As School Vote Nears, Building Committee Reconvenes


Architect's rendering of a hallway at the proposed new elementary school at Fort River. Photo: DiNisco Design

With a critical public vote on the school project looming, and after a two-month break, the Elementary School Building Committee met on April 14, primarily to approve invoices for the Owner’s Project Manager (Anser Advisory) and the project designer (DiNisco Design).

Chair Cathy Schoen offered a rundown of outreach efforts she has undertaken since February, which included 14 presentations about the school project to small groups around town. Schoen said she has two remaining public events planned in the run-up to the debt exclusion override vote on May 2 — one at Applewood Retirement Community on April 15 and the other at the UMass Old Chapel on April 20. 

Town Manager Paul Bockelman cautioned that the building committee’s role was not one of advocacy on the ballot question. “I want to make sure we don’t get into strategizing,” Bockelman said. “This is a building committee so we shouldn’t be talking about how to inform more people.”

Also discussed were the next steps in design, should the vote pass on May 2. Tim Cooper of DiNisco displayed a list of possible workgroups or subcommittees to be created, the primary goal of each being to provide DiNisco with greater input and to make decisions on elements of the design. In addition to the already-existing Net Zero subcommittee, which last met in October 2022, Cooper’s list included site design, playground equipment, interior design, building design, and public art.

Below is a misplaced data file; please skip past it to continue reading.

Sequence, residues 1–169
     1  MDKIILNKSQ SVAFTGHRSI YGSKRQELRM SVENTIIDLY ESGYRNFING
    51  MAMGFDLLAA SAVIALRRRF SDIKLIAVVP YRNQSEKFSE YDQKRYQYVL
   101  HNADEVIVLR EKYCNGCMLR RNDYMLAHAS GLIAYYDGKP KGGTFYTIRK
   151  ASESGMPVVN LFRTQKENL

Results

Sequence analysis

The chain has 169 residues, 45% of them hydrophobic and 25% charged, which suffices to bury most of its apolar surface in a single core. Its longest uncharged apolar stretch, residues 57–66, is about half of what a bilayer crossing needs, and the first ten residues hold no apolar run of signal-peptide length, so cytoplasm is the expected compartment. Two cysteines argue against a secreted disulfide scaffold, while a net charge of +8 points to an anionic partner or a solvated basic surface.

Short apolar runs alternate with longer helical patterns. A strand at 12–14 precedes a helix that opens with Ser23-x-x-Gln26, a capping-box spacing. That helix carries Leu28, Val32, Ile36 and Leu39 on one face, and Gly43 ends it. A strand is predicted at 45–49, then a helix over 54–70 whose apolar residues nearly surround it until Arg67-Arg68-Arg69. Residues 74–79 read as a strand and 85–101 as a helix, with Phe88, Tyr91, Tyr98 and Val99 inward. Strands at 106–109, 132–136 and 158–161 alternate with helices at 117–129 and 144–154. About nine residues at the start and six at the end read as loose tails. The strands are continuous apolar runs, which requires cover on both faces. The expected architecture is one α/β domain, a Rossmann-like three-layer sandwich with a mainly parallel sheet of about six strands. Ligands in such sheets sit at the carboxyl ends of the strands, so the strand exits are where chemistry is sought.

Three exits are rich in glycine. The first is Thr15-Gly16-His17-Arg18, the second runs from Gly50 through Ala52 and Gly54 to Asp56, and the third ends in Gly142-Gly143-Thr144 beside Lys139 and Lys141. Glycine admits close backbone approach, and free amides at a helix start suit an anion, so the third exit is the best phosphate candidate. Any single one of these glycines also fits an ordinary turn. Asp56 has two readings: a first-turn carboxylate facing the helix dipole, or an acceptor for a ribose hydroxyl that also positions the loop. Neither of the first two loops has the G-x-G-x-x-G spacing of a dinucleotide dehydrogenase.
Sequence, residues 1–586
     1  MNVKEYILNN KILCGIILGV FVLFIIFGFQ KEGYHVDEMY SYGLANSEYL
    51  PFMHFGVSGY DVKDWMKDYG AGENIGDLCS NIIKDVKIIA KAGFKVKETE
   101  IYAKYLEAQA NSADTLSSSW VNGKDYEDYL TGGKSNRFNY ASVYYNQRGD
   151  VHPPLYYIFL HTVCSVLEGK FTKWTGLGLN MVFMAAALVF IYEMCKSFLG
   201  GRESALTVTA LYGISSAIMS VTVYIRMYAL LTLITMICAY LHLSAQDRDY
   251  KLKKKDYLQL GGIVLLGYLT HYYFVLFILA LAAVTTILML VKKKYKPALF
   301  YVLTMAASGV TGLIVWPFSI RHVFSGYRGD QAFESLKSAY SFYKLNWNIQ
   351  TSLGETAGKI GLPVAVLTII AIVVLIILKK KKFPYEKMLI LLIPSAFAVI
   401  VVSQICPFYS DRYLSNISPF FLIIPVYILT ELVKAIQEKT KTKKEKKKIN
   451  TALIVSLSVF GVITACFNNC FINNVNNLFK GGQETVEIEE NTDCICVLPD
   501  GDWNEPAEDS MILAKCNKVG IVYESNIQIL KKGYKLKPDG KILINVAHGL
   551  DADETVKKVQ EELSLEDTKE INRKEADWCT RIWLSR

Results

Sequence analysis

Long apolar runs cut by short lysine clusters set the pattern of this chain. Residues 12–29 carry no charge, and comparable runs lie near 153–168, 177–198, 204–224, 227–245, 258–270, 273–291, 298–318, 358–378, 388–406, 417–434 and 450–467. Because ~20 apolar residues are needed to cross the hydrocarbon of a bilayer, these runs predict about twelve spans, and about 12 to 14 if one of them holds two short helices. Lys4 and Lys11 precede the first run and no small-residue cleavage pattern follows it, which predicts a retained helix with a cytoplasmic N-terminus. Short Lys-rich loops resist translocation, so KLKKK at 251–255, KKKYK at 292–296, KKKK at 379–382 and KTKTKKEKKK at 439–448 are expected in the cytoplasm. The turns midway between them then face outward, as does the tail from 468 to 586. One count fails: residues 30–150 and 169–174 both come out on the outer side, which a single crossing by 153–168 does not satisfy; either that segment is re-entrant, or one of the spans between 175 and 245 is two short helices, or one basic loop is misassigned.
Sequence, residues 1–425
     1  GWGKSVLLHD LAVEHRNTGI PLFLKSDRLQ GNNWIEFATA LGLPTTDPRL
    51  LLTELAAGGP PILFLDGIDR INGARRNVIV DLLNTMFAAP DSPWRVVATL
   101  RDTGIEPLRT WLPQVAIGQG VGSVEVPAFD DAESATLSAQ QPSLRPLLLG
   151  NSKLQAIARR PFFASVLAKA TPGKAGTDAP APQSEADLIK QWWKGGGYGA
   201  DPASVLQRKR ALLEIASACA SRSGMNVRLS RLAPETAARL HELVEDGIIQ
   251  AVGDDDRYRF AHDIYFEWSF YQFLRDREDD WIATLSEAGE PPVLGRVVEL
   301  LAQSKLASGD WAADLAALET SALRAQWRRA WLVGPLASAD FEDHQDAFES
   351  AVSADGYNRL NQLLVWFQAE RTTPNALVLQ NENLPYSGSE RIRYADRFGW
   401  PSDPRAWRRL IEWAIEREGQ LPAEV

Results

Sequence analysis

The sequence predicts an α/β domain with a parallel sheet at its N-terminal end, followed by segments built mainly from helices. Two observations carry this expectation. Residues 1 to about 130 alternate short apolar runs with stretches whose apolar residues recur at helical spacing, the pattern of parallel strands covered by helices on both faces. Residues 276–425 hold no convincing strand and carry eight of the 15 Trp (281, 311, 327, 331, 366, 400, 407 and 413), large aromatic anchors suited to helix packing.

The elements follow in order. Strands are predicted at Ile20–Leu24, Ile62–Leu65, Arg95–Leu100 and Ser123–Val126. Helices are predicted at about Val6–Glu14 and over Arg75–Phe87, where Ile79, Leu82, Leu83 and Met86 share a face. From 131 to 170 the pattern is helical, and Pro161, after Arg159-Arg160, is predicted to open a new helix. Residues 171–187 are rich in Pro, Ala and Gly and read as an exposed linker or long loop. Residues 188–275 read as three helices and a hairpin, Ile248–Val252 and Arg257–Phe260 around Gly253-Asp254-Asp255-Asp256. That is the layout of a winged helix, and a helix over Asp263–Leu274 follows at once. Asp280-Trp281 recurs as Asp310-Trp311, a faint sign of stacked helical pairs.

Bockelman thought it would be onerous to have six or seven subcommittees that would have to meet the requirements of the open meeting law such as advance posting of meetings. Town Councilor and building committee member Ellisha Walker raised the possibility of having fewer subcommittees, combining potentially complementary topics such as site and playground design but design team leader Donna DiNisco cautioned that the level of detail they would be seeking renders the subject areas quite separate and labor intensive. “The playground [design] will be an intense time-consuming evaluation,” DiNisco said, adding that a playground specialist will be joining their team. 

Since the committee last met in mid-February, Town officials and building project leaders have spoken with the Massachusetts School Building Authority (MSBA) multiple times. According to Margaret Wood of Anser, the MSBA reviewed and signed off on the Schematic Design submission and on the total project budget. Recent updates showed an approximately $2 million decrease in the expected reimbursement from the state for the project; the reasons for this were not elaborated on during this meeting.  

Schoen suggested the committee next meet on May 19 since she has travel plans following the townwide vote. Bockelman asked if waiting until then would put the project behind schedule. “It would be great to meet earlier,” Cooper responded.

DiNisco suggested they meet next on April 28 instead and said the design team would bring to that meeting a summary of what will be sought from each workgroup or subcommittee and a suggested meeting frequency. Members of the public who are not on the Building Committee may be invited to join some of the workgroups. “We would ask you all to think about who the best voices would be to hear from on all of these conversations,” Cooper said.

Five invoices from Anser and DiNisco were approved unanimously. These included the final invoice from DiNisco for the $300,000 Schematic Design contract, and the March invoice from Anser which showed a total of $239,677 has been billed to date for its services.

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